I was asked about how I painted my 6mm desert buildings on our Facebook page recently. It’s a pretty simple method, and I thought I’d share how it was done using some of the new models I previewed last Monday. My method is aimed at creating battered, weather-beaten structures – it’s not for pristine city buildings !
Stage 1 – the obvious one, which is to thoroughly clean the castings in washing-up liquid (dish soap on the other side of the Atlantic). Leave them to completely dry.
Stage 2 – the base coat. For this stage I’m using Army Painter Bone primer from a spray can since it’s easy. If you wanted to paint them using acrylics, either by brush or airbrush, you’d best undercoat them white first, but with the AP spray can I can skip this since it’s designed to be sprayed straight onto bare models.
Stage 3 – shading. I cover them in a GW wash, it used to be Devlan mud but nowadays it’s Agrax Earthshade from the new paint range. A good alternative is Army Painter’s Strong Tone wash (the small bottle, not the big metal can of dip). Make sure you get this into every nook and cranny, you might need to go back and cover up any spots you missed once it’s dry. A good tip is to do a second coat over the bottom 1/4″ inch or so of the models once the first coat has dried, this makes the bottom half of the buildings darker and adds to the shadow effect. I also went round with a small brush, darkening some of the corners and creating shadows under windows after the first wash coat had dried.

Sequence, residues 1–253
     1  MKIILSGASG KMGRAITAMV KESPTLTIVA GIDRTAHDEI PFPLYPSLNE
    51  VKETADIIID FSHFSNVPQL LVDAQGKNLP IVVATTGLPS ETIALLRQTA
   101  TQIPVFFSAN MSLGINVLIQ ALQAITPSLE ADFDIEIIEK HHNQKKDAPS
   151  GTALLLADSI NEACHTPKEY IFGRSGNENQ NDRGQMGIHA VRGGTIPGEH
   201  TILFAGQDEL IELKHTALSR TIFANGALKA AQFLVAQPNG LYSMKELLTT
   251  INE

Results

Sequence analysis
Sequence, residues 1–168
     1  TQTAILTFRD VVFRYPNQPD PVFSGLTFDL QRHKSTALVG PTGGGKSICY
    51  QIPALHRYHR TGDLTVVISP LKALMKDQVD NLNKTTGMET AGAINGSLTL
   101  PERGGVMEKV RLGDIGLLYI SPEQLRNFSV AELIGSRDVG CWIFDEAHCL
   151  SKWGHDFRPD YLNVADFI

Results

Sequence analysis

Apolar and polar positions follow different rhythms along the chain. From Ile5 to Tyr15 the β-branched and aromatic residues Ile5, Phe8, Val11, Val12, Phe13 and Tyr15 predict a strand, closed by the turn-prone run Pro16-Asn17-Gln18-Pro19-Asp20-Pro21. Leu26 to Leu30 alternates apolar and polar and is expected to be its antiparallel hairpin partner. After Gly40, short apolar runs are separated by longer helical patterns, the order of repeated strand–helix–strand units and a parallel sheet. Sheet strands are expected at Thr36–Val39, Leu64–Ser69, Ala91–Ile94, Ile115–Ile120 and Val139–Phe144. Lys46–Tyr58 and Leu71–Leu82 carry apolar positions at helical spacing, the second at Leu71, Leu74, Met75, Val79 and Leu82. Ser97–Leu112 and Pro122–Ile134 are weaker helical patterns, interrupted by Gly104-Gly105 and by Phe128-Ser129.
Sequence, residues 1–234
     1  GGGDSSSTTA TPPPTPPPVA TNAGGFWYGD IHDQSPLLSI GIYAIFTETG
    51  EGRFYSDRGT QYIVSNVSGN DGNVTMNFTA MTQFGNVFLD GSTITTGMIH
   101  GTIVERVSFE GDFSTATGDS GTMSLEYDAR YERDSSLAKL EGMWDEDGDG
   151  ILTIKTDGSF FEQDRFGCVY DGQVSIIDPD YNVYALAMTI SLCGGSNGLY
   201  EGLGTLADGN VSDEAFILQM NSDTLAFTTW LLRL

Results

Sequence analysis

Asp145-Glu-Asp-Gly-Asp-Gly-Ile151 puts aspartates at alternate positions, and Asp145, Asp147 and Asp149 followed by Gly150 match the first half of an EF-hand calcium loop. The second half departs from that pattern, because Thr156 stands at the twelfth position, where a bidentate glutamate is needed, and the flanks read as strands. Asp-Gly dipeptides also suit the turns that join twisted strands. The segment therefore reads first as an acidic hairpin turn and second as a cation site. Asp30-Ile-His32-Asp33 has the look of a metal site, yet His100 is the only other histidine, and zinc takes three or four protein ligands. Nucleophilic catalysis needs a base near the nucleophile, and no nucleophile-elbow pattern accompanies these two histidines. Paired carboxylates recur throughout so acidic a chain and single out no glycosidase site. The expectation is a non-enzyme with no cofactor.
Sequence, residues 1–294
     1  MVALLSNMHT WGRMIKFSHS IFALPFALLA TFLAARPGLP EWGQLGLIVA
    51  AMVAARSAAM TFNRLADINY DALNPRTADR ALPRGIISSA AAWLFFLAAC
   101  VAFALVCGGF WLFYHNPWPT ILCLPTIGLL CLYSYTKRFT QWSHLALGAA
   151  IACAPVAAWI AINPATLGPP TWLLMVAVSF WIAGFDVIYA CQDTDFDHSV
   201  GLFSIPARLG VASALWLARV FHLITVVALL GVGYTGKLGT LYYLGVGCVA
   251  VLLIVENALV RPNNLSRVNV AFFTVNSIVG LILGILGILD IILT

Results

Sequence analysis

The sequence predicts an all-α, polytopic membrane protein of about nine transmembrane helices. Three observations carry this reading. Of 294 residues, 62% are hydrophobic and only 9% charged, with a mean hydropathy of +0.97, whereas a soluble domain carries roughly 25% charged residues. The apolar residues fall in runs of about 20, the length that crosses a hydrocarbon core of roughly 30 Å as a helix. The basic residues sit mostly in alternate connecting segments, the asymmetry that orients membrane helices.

Stage 4 – drybrush. I used GW Tyrant skull, one of their ‘dry’ paints. But whatever shade of tan/buff you prefer is good
Stage 5 – details. There aren’t many on these models, but this is the time to pick out details such as doors, windows, vents and aircon units in whatever range of colours you see fit. This might include shading, highlighting and/or drybrushing.
Stage 6 – varnish. Army painter matt anti-shine for this stage, although again whatever brand suits you.
Stage 7 – put on the table and game with them !
Completely off-topic – a fond farewell to Rik Mayall, a comic genius who, along with Ade Edmondson, made me cry with laughter during a performance of the Bottom stage show many years ago.